Contemporary courtyard houses
Posted on 26 April 2009 0 comments
Houses with courtyards have been around for centuries but they are not a common housing type in Britain. However, the use of internal courtyards for terraced homes in tight-fitting plots seems to be a increasingly common feature in new high-density house designs. There are some clear advantages to courtyards:
- Private outdoor space not overlooked by neighbours.
- For terraced houses, the courtyard acts as a lightwell allowing more natural light to enter the property and potentially making it much easier to give every room in the house its own window.
There are some disadvantages as well:
- A small courtyard may suffer from a lack of breezes or wind unless windows in other parts of the house are open to let wind course through the entire property.
- If the courtyard is too small, it might actually have a claustrophobic feel to it. Rooms that look out only into the courtyard may feel like they have a rather limited view.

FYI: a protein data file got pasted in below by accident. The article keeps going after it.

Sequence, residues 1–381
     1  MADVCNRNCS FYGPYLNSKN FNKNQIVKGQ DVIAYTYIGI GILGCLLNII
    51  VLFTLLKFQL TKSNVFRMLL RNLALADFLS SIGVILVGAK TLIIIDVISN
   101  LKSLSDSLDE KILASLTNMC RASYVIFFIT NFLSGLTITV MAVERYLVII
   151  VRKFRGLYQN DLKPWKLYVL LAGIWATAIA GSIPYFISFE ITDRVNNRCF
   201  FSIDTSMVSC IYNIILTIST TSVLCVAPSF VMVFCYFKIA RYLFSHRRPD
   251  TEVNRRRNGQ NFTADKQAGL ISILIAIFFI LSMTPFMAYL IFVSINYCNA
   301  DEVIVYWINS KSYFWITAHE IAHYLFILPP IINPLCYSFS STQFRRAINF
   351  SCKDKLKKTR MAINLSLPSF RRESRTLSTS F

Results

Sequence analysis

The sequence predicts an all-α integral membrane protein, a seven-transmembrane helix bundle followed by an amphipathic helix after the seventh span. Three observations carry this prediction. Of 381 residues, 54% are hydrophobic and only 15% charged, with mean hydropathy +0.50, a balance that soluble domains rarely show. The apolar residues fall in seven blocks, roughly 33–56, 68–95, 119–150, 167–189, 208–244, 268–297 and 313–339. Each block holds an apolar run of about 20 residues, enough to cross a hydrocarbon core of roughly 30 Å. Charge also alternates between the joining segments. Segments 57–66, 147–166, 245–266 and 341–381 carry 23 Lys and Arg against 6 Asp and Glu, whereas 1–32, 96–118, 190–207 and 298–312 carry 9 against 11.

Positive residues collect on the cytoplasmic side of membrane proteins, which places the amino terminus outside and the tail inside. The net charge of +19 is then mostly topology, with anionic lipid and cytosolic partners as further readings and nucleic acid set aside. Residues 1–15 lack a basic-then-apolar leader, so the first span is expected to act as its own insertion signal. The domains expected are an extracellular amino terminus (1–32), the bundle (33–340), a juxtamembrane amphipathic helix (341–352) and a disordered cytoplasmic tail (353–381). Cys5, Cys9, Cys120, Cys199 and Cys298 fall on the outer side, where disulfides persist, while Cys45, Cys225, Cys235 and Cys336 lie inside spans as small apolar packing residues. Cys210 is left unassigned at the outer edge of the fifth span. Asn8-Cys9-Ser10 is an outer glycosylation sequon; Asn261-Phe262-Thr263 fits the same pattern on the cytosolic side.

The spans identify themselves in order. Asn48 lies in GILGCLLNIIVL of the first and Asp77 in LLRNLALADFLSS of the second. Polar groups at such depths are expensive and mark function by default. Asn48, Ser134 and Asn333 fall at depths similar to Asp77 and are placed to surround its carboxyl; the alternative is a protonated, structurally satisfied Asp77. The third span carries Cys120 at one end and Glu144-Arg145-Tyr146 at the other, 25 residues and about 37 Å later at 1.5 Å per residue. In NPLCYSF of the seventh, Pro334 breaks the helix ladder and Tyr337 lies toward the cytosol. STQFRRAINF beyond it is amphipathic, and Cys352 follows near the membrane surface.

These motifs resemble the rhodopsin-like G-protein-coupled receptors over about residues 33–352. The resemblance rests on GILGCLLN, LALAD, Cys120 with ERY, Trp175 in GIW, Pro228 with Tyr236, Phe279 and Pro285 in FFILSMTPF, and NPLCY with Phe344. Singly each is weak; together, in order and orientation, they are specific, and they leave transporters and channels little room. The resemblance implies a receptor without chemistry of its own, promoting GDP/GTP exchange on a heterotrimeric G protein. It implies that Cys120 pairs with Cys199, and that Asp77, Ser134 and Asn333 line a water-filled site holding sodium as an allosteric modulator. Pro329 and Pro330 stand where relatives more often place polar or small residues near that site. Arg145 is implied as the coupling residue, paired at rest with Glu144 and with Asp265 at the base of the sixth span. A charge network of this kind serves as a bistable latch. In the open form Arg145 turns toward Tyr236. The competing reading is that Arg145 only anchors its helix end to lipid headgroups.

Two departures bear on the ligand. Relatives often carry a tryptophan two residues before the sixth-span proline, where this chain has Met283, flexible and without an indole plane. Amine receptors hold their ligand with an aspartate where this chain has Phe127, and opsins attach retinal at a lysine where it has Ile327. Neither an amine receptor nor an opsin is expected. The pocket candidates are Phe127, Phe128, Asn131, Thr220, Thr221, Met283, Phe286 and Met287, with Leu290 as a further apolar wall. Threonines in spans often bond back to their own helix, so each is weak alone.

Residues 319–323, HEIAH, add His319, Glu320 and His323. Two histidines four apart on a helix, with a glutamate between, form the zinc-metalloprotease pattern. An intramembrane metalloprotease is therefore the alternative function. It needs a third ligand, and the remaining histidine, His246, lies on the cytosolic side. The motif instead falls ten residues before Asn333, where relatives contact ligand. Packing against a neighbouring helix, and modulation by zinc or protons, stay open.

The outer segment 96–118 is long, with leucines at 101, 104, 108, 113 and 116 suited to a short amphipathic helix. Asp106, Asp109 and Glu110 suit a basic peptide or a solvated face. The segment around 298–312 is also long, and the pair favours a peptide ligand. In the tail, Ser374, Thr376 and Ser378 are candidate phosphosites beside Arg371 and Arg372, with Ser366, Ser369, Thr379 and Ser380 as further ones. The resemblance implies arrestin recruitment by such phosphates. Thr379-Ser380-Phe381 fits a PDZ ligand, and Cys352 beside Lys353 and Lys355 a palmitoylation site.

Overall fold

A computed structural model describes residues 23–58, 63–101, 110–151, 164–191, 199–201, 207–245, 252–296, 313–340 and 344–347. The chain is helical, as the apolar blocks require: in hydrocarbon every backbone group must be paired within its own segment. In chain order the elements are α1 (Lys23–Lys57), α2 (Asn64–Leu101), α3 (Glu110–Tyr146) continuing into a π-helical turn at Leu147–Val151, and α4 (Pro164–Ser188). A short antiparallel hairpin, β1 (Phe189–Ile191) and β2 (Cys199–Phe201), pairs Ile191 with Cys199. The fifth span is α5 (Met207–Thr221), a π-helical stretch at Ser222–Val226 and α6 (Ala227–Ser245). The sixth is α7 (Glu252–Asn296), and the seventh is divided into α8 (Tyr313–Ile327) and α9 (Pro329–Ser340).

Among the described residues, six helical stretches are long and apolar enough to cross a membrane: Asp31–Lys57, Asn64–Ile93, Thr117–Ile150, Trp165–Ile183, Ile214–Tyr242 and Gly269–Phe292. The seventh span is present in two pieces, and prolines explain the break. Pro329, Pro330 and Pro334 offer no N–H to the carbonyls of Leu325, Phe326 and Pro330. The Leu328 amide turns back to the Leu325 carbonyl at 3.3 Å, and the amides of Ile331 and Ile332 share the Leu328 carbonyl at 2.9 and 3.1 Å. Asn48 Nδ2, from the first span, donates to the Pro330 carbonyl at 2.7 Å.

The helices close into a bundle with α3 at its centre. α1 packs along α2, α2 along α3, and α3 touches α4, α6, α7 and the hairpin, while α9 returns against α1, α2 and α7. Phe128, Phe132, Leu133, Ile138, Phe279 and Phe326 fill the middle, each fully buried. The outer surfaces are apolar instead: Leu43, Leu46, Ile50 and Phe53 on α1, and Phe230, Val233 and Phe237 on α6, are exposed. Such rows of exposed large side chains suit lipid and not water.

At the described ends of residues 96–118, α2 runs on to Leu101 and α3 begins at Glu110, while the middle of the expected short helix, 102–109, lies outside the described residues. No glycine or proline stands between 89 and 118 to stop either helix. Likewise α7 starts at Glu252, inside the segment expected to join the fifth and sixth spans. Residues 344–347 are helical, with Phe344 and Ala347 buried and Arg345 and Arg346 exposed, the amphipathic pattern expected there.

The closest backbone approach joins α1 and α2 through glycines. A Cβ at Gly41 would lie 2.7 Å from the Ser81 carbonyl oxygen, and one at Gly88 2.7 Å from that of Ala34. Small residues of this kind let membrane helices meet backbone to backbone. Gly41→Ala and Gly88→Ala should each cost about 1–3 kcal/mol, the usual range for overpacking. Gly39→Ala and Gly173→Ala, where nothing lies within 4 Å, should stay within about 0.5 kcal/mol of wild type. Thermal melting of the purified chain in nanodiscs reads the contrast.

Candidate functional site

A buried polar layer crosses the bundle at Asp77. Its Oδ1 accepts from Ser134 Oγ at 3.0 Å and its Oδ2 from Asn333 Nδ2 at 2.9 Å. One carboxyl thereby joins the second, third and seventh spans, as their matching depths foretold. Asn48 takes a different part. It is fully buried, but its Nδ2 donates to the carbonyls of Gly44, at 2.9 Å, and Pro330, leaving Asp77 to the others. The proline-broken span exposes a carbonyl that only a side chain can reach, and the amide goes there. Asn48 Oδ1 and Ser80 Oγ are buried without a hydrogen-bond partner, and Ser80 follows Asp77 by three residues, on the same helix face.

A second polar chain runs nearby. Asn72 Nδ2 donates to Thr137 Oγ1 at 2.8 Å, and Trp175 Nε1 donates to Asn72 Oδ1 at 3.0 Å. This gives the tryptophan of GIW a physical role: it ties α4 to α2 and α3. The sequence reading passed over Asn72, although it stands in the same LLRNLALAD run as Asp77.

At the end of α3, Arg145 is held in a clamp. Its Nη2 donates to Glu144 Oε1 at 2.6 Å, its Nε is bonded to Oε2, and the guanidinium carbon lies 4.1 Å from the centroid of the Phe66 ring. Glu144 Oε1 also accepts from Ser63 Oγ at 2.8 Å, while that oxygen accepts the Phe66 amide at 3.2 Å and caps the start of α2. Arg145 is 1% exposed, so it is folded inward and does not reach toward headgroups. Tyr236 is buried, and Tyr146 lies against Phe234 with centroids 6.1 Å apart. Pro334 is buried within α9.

- Privacy may feel compromised if you can look across the courtyard from the window of one room into another (particularly if they are bedrooms).
- If there is heavy rain, the water that falls in the courtyard needs somewhere to drain away – possibly a problem with a paved courtyard, less so with one that’s covered in soil and grass.
Building Design magazine recently reported that Portuguese practice Impromptu Arquitectos and British partner Sergison Bates had won a competition to design and develop homes for a new urban development in Stockton-on-Tees called Northshore.
The terraced house designs they produced are really nice and feature a courtyard and open balcony/roof space. The floorplans below are taken from the Impromptu Arquitectos website.
You can see another example of a courtyard house design by AOC (Architects of Change) in a previous post: The trouble with terraced housing.
Both the homes by AOC and Impromptu Arquitectos seem to have quite small courtyard spaces. Do the advantages and disadvantages of small courtyards listed above apply to these homes? The designs also lack traditional gardens at the back of the property (as far as I can tell). Is this a necessary compromise for high-density homes with limited plot sizes? Would you be happy to live in a house like this?